Tuesday, June 24, 2014

Mosses of Central Florida 6. Ditrichum pallidum

Ditrichum pallidum plants are like tiny clumps
of grass.
[For other mosses in this series, see the Table of Contents]

Ditrichum pallidum (Hedw.) Hampe (Ditrichaceae) is one of the grass-like mosses. Each shoot consists of
a clump of elongate, grass-like leaves that consist mostly of an elongate midrib (costa). Cells in the upper section are elongate-rectangular, but overlapping and hard to distinguish.   The actual blade of the leaf flares out briefly at the base, where one can see relatively large ovate to rectangular cells.  The capsules rise from elongate, straight stalks, and  and remain more-or-less upright throughout.  At maturity, the capsules are narrow, nearly cylindrical, and with a single row of short teeth around the mouth, attached just below the surface.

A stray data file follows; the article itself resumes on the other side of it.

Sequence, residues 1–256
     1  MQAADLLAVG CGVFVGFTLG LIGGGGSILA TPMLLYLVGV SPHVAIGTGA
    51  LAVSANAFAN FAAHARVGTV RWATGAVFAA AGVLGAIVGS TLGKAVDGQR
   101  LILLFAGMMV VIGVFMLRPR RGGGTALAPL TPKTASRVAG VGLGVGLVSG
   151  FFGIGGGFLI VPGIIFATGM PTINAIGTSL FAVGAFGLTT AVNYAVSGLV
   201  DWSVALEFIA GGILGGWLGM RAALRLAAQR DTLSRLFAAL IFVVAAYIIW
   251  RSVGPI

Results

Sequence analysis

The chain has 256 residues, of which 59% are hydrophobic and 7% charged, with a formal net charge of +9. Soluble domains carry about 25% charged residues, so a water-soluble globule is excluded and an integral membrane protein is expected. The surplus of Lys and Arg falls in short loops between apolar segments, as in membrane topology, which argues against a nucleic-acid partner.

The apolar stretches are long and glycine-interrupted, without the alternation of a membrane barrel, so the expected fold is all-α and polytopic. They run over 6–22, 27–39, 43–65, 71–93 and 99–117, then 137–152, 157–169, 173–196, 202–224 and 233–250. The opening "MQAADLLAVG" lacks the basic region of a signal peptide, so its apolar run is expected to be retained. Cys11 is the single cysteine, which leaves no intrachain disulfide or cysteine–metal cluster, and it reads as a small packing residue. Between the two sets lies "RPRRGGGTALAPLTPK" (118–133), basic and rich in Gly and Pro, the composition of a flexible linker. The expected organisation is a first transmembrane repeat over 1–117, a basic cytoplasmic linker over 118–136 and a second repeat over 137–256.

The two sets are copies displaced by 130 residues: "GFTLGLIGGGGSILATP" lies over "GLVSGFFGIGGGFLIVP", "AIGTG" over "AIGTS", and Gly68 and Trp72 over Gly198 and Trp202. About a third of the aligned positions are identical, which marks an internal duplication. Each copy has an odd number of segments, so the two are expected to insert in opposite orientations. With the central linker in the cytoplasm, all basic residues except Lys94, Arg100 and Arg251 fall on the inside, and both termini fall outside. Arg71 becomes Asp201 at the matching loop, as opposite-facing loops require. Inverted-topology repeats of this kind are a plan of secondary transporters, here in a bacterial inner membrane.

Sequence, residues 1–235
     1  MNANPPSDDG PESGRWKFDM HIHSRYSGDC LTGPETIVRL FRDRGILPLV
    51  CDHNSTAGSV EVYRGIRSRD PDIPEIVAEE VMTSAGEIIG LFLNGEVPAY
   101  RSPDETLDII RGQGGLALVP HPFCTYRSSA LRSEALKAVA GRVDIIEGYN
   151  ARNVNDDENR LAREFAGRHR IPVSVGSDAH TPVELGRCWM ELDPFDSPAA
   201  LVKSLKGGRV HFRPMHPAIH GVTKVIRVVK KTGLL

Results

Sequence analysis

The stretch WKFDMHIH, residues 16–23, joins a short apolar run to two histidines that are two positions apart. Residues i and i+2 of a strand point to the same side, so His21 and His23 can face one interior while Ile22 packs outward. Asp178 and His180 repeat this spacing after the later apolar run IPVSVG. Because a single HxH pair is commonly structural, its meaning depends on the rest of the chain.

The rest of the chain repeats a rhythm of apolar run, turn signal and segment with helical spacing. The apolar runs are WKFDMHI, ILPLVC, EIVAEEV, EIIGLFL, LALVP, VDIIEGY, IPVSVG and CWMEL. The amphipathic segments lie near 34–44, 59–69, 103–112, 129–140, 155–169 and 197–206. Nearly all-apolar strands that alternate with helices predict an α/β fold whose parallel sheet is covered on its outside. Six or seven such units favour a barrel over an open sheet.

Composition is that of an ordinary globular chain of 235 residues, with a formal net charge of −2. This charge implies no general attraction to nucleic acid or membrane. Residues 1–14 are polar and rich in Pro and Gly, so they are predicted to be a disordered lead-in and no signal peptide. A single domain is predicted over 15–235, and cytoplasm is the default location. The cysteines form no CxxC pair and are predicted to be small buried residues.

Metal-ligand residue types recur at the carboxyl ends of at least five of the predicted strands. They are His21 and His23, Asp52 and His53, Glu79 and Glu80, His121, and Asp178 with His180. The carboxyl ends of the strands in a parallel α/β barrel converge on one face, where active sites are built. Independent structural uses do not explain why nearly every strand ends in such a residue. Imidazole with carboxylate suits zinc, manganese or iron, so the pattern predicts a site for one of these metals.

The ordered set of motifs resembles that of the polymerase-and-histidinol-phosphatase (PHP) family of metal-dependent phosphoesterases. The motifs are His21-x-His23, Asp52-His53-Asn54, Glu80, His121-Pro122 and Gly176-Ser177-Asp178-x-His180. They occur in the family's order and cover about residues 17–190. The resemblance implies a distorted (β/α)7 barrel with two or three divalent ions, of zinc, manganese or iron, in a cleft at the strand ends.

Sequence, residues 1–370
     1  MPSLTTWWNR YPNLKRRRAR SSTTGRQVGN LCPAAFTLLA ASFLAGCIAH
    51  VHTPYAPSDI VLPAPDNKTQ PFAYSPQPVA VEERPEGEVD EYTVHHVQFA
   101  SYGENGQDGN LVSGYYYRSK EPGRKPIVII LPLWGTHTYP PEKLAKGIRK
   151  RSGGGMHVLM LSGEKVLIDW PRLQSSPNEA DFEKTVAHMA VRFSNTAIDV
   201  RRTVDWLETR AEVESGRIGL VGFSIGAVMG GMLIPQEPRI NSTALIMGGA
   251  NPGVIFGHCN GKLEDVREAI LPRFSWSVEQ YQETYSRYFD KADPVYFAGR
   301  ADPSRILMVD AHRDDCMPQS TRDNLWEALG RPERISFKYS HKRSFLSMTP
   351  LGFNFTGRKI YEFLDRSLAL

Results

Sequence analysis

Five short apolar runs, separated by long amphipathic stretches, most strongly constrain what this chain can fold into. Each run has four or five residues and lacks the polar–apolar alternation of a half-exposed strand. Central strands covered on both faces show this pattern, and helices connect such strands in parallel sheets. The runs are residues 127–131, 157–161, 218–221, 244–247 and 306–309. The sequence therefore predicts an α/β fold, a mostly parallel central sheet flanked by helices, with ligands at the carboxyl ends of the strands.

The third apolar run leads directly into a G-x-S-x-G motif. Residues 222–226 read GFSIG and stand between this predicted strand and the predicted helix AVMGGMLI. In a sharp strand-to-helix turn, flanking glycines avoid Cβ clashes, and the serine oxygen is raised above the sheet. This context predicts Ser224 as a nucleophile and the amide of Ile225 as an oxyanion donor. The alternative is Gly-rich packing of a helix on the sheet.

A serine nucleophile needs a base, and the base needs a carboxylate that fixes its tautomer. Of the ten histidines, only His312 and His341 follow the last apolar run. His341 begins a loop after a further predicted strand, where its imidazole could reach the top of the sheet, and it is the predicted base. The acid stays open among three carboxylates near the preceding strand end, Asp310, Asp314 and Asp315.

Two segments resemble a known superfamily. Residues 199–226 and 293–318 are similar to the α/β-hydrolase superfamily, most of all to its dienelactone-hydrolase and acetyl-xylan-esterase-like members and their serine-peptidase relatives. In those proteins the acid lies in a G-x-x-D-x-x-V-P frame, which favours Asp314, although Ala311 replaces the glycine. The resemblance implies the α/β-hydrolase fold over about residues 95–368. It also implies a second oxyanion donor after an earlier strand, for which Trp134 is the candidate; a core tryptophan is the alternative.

Most of the leaf is the thick, prolonged tip of the
midrib, with elongate-rectangular cells.
Near the base, one can find the thin,
flaring blade, with ovate to
rectangular cells.
This species is widespread in both the old and new worlds, having been reported from Europe, Africa, Japan, and eastern North America.  It is common in Florida and found as far west as eastern Texas.  This distribution is consistent with its preference for disturbed soil along roads, fields, lawns, and forest openings.

When dry, the capsules are nearly cylindric, with
blunt tips. Just inside the mouth is a single row
of small teeth.